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APD Releases Crisis Intervention Unit Data Book

City champions first decrease in behavioral health-related calls in recent years.

September 6, 2019

The Albuquerque Police Department published its 2019 Crisis Intervention Unit Data Book that shows how the Department addresses individuals in crisis.

“Our efforts to change the culture at the Police Department are giving our officers more tools to have successful interactions with individuals in crisis,” Mayor Tim Keller said. “This approach, in addition to making behavioral health services more accessible, is helping us build a safer city and keep other critical resources targeted on violent crime.”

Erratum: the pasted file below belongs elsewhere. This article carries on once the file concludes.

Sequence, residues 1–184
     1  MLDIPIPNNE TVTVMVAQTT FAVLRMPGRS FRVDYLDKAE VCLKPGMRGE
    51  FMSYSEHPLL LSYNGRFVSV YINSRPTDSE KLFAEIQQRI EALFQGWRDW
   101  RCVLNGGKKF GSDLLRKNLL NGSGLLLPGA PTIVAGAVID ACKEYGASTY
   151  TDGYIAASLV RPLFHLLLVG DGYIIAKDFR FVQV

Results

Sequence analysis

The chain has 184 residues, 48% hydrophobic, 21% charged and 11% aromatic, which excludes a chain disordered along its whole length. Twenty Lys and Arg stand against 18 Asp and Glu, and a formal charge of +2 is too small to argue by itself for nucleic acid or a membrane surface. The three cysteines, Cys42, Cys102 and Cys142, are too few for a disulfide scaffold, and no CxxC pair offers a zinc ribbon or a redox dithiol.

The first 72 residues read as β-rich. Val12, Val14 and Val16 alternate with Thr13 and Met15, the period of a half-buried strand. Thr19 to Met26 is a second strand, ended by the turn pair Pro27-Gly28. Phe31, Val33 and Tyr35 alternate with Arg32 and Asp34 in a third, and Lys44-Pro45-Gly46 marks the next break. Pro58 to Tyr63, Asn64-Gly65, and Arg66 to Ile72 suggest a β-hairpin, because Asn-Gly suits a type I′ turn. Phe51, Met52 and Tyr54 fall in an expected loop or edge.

The report shows the first decrease in behavioral health-related calls in recent years. The number of calls nearly doubled between 2010 and 2017 when there were 6,535. That number dropped slightly in 2018 to 6,302.

“We continue to invest in quality training for field officers, while building and expanding our successful Mobile Crisis Teams that go to high-priority mental health emergency calls,” APD Chief Mike Geier said. “We are also being proactive with a team of home visit detectives and clinicians who work with people and attempt to prevent crisis situations.”

The report also shows:

  • Calls related to suicide represented the vast majority of behavioral health-related calls for service.
  • Most individuals encountered during crisis calls (90%) were not armed with a weapon.
  • In 72% of encounters during crisis calls, individuals were transported to emergency services; individuals were arrested only 3% of encounters.
  • Officers did not use force in 99% of crisis encounters.